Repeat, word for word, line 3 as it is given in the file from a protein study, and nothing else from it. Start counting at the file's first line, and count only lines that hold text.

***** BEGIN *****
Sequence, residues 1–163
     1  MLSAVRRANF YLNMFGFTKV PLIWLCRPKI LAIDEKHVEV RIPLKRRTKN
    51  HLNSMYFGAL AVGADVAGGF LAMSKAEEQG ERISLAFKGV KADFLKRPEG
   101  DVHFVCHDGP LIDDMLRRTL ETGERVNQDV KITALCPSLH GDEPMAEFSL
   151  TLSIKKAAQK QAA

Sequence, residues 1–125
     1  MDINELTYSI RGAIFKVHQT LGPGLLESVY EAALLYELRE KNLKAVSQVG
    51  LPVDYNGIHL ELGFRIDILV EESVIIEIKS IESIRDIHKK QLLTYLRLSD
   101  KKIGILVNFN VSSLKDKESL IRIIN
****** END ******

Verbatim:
    51  HLNSMYFGAL AVGADVAGGF LAMSKAEEQG ERISLAFKGV KADFLKRPEG